As we all know, the world has turned upside down in 2020. Who would have imagined, at the outset of the year, the adverse consequences on the businesses of the coronavirus pandemic and global lockdown?
We have seen the impact of lockdown on many industries including travel, hospitality, transportation, manufacturing, real estate, retail, energy and banking. In order to fight the economic impact of this unprecedented situation, many countries have announced stimulus packages that have exceeded those offered in the global financial crisis of 2008.
The unprecedented crisis that we are in has implications on preparation and analysis of IFRS financial statements.
The financial statements of 2020 and beyond will be very different to that of 2019.
There are three key things that the preparers and users of IFRS financial statements should focus on:
- Going Concern Assessment
Going concern is a real concern for many businesses. Even if the business has a sound cash position, there is additional work required to demonstrate that it will continue to operate in the next 12-18 months even if the economic conditions further deteriorated. For this, an entity is required to consider different scenarios, including a severe plausible downside.
There may be difficult conversations with the auditors as they challenge management judgements and estimates and look for sufficient evidence before reaching their conclusion on the going concern assessment. Going concern may be a matter of emphasis in the auditor’s report if there are significant uncertainties involved in the conclusion reached by the management. Entities are expected to make detailed disclosures about their estimates and reasons for the conclusion they have reached.
If an entity is not a going concern, the financial statements must be prepared on a break-up basis, rather than based on continuing operations.
The below is an extract of the disclosure by Rolls Royce about their assessment of “Severe but plausible downside scenario” in their June 2020 interim report.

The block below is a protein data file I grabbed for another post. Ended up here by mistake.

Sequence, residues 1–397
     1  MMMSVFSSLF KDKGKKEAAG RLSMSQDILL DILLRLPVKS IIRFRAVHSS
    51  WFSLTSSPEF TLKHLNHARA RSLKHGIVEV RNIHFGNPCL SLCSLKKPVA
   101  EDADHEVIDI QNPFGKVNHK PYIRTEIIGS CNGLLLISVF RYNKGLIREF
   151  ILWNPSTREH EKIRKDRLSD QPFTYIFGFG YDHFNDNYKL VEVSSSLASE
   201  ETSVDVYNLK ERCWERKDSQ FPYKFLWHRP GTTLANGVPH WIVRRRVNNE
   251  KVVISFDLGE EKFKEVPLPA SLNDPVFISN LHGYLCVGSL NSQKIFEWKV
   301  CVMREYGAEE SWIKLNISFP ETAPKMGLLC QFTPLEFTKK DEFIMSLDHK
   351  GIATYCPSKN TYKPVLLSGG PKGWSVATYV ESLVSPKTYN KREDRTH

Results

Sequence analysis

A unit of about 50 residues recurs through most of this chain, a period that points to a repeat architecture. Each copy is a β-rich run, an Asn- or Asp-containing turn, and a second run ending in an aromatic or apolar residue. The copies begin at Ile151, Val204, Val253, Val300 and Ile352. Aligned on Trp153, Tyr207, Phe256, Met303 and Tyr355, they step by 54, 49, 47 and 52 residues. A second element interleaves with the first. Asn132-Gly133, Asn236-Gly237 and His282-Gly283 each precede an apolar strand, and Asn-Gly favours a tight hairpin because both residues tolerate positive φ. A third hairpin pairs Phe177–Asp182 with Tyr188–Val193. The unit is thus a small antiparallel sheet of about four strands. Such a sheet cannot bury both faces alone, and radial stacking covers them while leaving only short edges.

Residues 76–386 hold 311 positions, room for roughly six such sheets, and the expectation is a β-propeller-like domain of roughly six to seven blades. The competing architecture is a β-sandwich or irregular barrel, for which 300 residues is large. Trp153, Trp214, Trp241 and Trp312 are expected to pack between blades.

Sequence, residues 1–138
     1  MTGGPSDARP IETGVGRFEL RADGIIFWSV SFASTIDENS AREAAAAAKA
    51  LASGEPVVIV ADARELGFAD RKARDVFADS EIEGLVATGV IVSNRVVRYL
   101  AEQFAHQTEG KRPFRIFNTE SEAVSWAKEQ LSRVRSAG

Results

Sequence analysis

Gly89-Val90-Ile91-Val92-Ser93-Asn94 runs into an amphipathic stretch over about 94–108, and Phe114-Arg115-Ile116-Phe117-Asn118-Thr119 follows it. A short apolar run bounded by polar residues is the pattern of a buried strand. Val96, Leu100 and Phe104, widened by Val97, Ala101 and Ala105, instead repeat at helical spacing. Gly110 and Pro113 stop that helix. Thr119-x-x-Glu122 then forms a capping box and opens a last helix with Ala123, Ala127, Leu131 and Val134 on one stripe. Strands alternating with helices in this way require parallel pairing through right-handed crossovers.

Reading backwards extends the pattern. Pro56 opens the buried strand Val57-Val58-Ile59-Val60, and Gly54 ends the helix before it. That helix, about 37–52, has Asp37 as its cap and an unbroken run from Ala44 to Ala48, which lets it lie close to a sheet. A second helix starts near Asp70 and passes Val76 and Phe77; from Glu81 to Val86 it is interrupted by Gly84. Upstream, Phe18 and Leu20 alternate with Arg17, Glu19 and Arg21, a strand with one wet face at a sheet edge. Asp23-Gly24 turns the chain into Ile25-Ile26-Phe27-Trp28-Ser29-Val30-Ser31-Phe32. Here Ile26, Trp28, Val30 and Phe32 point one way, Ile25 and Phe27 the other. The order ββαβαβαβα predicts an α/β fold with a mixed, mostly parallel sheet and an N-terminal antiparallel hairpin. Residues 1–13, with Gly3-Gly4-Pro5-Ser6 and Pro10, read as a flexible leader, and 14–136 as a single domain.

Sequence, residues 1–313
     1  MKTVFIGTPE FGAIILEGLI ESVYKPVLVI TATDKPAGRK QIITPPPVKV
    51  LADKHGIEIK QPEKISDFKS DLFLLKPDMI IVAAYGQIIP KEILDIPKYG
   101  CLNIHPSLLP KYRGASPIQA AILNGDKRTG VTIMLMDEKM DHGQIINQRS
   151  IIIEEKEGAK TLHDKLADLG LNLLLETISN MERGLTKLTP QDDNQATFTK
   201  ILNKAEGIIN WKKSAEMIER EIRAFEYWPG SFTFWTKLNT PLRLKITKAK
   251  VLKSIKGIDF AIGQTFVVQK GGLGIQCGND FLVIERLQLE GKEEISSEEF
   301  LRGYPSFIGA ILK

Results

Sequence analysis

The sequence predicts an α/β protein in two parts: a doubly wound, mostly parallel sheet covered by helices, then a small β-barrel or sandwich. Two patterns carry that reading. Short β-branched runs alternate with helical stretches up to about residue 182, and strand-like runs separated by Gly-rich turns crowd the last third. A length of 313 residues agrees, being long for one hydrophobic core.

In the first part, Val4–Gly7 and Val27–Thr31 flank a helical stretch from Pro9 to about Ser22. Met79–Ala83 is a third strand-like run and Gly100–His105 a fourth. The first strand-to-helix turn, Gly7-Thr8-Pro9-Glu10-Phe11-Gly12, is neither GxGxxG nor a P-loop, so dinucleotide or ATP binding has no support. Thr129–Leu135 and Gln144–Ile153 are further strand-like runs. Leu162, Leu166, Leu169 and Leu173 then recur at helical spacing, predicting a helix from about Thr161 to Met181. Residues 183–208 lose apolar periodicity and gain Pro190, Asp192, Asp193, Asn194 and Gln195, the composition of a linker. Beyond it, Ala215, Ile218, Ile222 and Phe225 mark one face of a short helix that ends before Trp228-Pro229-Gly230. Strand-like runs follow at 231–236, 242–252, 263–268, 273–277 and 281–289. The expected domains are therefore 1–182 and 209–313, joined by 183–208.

- Measurement of assets and liabilities
As mentioned above, if an entity is not a going concern there is an impact on the measurement of assets and liabilities. The coronavirus pandemic affects the measurement of assets and liabilities even if we conclude that the entity is a going concern. Some of the examples are:
- customer receivables, including expected credit losses (click here for IASB guidance)
- inventory obsolescence
- impairment of assets including goodwill
- rent concessions (IFRS 16 updated to incorporate rent concessions)
- abnormal costs, including paid staff leave
- impact of the government support
- debt restructuring
- impact on dividends
- management disclosures on the commercial impact, future risks and uncertainties
The interim financial statements of Carnival Plc (which owns cruise liners) for the six months to 31 May 2020 disclose the impairment recognised as a direct result of the impact of the coronavirus pandemic.
One of the issues that management faces is the uncertainty around when we will return back to normality. As a result, the assumptions and estimates from the previous quarter may need to be significantly revised in the current quarter. The budgets and forecasts used to assess impairment need to be updated frequently in the light of most recent information.
We have seen above that there are significant judgements and estimates that may need to be revised frequently by the management. This makes comparability of financial statements difficult. It is critical for management to make relevant, detailed and clear disclosures in the financial statements about their assessment of the impact of the coronavirus pandemic. This helps the users apply their judgement when doing their analysis to make informed decisions.
In the UK, the Financial Reporting Council has published “COVID-19 Thematic Review” which indicates the key areas they focused on when reviewing the financial statements and their findings, including suggestions on the disclosures.
If you are interested to learn more about the impact of COVID-19 on the IFRS financial statements, connect with us on email@example.com for further information or registration for our upcoming courses.
30 November: IFRS 9 Financial Instruments
04 December: Impact of COVID-19 on the IFRS Financial Statements
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